New Year Honours: Fury as Tory welfare slasher Iain Duncan Smith gets knighthood

Welfare slasher Iain Duncan Smith – who was the architect of cruel Tory reforms including the disastrous Universal Credit programme and the bedroom tax  – has been knighted in the Queen’s New Years honours.

As work and pensions secretary under David Cameron, Sir Iain – Tory leader from 2001 to 2003 – was the architect of the Government’s controversial Universal Credit welfare reforms.

He claimed his changes would simplify the benefits system and encourage people to find work but his reforms have left tens of thousands struggling to cope.

Opposition parties said it “beggared belief” that someone whose policies had caused so much distress should be honoured in this way.

In government, Sir Iain – who survived a bid to unseat him in the 2019 election – argued the changes were designed to end the benefits trap, ensuring that it always paid for claimants to take work, while simplifying the system.

However, complications with the roll-out of the new system and delays in making payments were blamed for driving thousands of low-income families into poverty.

In government, Sir Iain argued the changes were designed to end the benefits trap

In 2016, Sir Iain unexpectedly resigned from the cabinet, attacking the Government’s policy of welfare cuts. He later called for £2bn to be put back into Universal Credit.

But he was accused of hypocrisy for saying £4.4bn in cuts to PIP benefit went too far – since he had already pushed through a host of other cuts, including £30 a week from sickness benefit ESA.

And he had backed Universal Credit at the time it suffered huge cuts under Chancellor George Osborne.

An ardent Brexiteer, as a backbencher he was a leading light in the Tory European Research Group (ERG), which proved to be such a thorn in the side of Theresa May.

Labour MP Stephanie Peacock said: “A knighthood for IDS will seem like a joke to the many families who have struggled this Christmas thanks to his cuts.

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“I have seen first hand the devastation wrought on my constituents by his policies – they will not be impressed by this award.”

Smug faces of Iain Duncan Smith
Sir Iain – who survived a bid to unseat him in the 2019 election – was also Tory leader from 2001 to 2003

While fellow Labour MP Alison McGovern said: “Universal credit has been a universal catastrophe for my constituents. Iain Duncan Smith is the architect of that failure.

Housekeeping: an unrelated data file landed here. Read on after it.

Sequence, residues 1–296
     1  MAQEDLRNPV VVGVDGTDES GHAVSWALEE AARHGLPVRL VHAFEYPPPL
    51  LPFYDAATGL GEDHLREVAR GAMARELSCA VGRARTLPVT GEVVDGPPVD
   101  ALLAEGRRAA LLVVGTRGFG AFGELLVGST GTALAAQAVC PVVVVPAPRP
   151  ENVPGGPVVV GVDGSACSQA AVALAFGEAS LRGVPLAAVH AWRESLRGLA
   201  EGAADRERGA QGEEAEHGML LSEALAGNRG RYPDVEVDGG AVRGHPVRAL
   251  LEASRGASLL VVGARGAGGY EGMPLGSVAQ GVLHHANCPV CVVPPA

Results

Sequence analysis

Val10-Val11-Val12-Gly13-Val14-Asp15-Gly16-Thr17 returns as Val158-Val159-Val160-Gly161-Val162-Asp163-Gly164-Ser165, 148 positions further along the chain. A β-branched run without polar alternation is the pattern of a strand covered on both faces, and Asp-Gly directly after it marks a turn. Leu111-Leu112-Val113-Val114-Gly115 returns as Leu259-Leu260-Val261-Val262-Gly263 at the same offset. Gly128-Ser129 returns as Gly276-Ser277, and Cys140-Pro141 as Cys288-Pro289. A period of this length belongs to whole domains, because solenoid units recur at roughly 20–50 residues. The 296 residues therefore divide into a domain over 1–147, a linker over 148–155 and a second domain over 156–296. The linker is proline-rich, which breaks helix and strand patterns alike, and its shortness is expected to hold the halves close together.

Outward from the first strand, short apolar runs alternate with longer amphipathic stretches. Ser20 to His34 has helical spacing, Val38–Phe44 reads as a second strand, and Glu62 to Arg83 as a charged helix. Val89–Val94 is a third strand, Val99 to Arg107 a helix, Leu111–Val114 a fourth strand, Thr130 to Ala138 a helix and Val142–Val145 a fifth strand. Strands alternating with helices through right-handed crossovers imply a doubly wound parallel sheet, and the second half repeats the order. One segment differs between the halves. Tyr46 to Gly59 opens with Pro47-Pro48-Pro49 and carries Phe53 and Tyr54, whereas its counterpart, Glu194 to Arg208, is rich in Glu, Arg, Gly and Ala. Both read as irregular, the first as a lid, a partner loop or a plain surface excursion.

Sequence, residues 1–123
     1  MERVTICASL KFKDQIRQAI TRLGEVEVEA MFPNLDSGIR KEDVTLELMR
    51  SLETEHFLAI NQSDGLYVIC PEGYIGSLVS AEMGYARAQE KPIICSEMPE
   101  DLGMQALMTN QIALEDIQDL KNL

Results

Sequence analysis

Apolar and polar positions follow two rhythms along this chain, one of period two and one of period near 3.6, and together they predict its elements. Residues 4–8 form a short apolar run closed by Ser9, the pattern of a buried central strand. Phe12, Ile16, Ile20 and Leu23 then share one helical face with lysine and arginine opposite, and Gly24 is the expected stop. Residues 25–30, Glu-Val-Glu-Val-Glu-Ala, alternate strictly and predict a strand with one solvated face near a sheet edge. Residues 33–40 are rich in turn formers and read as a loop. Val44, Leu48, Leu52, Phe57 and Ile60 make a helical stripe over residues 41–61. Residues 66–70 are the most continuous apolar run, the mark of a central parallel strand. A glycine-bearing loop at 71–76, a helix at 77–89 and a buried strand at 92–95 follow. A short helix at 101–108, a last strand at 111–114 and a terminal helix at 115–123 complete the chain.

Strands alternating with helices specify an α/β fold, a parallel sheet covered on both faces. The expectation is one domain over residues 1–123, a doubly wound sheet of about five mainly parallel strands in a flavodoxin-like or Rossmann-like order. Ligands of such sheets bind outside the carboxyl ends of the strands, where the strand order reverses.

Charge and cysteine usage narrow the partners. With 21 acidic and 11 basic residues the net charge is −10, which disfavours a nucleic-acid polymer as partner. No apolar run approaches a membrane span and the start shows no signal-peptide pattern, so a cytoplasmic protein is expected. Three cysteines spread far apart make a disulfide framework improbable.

“What message does this honour send about the Tories and what they value?

“Our country deserves so much better than this.”

Labour’s Rosie Duffield, who has sat on the Work and Pensions Committee said: “It is deeply regrettable that the architect of the Universal Credit program is set to receive one of our country’s highest honours.

“I see first-hand in my surgeries and across the work on the Work and Pensions Select Committe the impact UC has had on low income families – it is far from honorable what the Universal Credit programme has done to the most vulnerable in our society.

“Recent government statistics show that nearly half of people (46%) in the UK claiming an older benefit, Disability Living Allowance, lost out when reassessed for Personal Independence Payments since 2013 when the introduction of PIP and UC began – that’s thousands of families pushed below the poverty line owing to the severe cuts to the welfare state brought about by the 2012 Welfare Reform Act, as sponsored by Iain Duncan Smith.”

Labour’s Rosie Duffield said: “It is deeply regrettable that the architect of the Universal Credit program is set to receive one of our country’s highest honours”

Liberal Democrat MP Christine Jardine said Sir Iain had been responsible for creating a welfare system in which people were expected to survive for weeks without payment, causing “untold stress”.

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“It beggars belief that Iain Duncan Smith has been rewarded in the New Year’s Honours list,” she said.

“He is the architect of Universal Credit – a failed system that has left thousands of families struggling to pay bills and buy food.”

Other controversial honours include a Damehood for the former Director of Public Prosecutions Alison Saunders who faced heavy criticism for presiding over several rape cases that collapsed as a result of the prosecution failing to disclose evidence.